Harlan and Shrewsbury Public Schools – BSEA # 13-06803
COMMONWEALTH OF MASSACHUSETTS
DIVISION OF ADMINISTRATIVE LAW APPEALS
BUREAU OF SPECIAL EDUCATION APPEALS
IN RE: HARLAN1 and SHREWSBURY PUBLIC SCHOOLS
RULING ON SCHOOL’S MOTION FOR CLARIFICATION OF “ STAY PUT” PLACEMENT
This matter comes before the BSEA on the Motion of the Shrewsbury Public Schools for Clarification of the Student’s “stay put” placement pursuant to 603 CMR 28.08 (7). Both parties submitted written arguments and exhibits in support of their positions. No oral arguments were heard.
“Stay Put” is special education shorthand for one of the fundamental procedural protections available to students with disabilities under the IDEA and MGL c.71 B. Unless the parents and the local educational agency/state agree to a different placement, an eligible student is entitled to remain in the last educational program accepted by the parents while dispute resolution proceedings unfold or until a superseding program is accepted by the parents.
20 U.S.C. § 1414(j); 34 CFR § 300.518.
Massachusetts extends “stay put” protections to eligible students whenever the parents and responsible school districts disagree even apart from formal due process proceedings under the IDEA and MGL c. 71 B. 603 CMR 28.08 (7) provides:
In accordance with state and federal law, during the pendency of any dispute
regarding placement or services the eligible student shall remain in his or her then current education program and placement unless the parents and the school district agree otherwise. (Emphasis added)
Generally, the terms of the last accepted IEP should be enforced as the “stay put” relief.
Preservation of the “status quo” assures that the student “stays put” in the last placement the parents and the School agreed was appropriate for him. Doe v. Brookline School Committee , 722 F.2d 910 (1 st Cir. 1983).
1. Harlan is a nine year old student who has been receiving special education services through the Shrewsbury Public Schools since preschool. Harlan has been determined to have autism spectrum disorder and significant developmental delays. He is non-verbal and uses a variety of techniques to communicate including a PECS systems and a speech-generating device called a TOBI.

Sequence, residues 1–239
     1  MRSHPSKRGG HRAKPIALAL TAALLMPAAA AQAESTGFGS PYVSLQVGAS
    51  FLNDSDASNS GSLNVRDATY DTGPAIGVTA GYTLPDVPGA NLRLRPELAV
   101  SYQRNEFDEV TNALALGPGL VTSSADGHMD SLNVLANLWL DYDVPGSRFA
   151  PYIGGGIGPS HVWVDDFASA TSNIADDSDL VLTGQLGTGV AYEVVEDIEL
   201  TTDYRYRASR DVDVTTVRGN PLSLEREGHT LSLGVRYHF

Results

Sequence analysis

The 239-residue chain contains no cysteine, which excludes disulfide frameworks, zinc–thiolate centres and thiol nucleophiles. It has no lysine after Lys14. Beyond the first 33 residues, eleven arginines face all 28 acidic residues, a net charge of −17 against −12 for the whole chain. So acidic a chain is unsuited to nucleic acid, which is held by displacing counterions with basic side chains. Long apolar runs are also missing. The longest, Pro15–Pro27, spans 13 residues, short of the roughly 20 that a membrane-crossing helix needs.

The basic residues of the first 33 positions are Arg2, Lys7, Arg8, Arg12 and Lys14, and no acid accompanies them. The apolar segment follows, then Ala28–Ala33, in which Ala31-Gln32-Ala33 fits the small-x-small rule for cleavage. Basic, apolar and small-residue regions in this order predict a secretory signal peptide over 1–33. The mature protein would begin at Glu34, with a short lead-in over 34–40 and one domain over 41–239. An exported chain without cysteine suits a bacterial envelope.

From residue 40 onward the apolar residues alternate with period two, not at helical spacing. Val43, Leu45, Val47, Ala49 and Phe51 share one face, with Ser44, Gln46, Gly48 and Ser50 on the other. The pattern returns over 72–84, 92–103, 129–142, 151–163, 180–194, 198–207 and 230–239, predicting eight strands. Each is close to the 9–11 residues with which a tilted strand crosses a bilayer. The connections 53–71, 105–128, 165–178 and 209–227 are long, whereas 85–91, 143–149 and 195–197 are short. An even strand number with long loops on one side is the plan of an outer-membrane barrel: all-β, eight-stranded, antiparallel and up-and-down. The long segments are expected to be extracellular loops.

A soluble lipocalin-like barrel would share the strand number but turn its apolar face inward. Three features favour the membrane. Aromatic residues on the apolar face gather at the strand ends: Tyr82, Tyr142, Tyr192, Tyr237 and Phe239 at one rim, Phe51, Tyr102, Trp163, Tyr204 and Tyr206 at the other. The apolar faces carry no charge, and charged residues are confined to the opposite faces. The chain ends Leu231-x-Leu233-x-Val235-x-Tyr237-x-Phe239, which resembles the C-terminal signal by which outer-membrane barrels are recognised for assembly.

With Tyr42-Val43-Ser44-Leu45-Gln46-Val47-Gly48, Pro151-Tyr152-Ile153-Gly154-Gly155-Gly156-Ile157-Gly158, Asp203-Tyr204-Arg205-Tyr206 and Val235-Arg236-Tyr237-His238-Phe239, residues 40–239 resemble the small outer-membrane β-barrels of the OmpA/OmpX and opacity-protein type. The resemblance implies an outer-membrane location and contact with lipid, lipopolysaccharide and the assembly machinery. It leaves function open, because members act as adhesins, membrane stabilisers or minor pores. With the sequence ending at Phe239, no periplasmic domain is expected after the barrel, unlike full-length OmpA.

2. The Team met on April 27, 2010 to develop an IEP for Harlan. At that time he was a 6 year old pre-kindergartener. The Team developed an IEP calling for a full day “partial inclusion” placement in the “ELC” program. The ELC program is based on ABA principles and includes intensive discrete trial training, a sensory diet, and a behavior support plan. The IEP calls for, and the ELC program uses, a total communication approach. In addition to the special education teacher the IEP provided that Harlan would have a one-to-one ABA technician with him at all times during school, including when receiving related services. (S-1)
3. The 2010 – 2011 IEP provides for: one 30-minute session of direct speech-language services in the general education classroom and two 30-minute sessions of speech-language therapy in a specialized setting. The PLEP-A and PLEP-B explain the speech-language services outlined in the service delivery grid: “Speech and language therapy is conducted with the 1:1 technician present on an individual basis and in small/large groups that provide typical peer language models.” (S-1)
4. The service delivery grid also includes direct occupational therapy services once a week for thirty minutes in a specialized setting. The PLEP-A and PLEP-B sections of the IEP explain: “Occupational therapy takes place with the 1:1 technician present so that carryover and generalization of skills occurs across settings.” (S-1)
5. The 2010 – 2011 IEP notes that Harlan will have access to a variety of communication modalities including “verbal, sign, PECS and AT devices.” There is no identification of, nor limitation as to, the type, nature, function or brand of the AT device(s) contemplated in the IEP. (S-1)
6. The IEP developed at and proposed as a result as a result of the April 27, 2010 meeting was accepted in full on May 9, 2010. The IEP period was April 27, 2010 to January 26, 2011. It was the last fully accepted IEP for Harlan. (S-1)
7. The Team met on March 4, 2011 to develop a new IEP for Harlan. The proposed IEP, running from March 4, 2011 to March 3, 2012, was substantially similar to that then being delivered to Harlan. It was rejected in full on March 23, 2011. (S-2; P-2; P-4)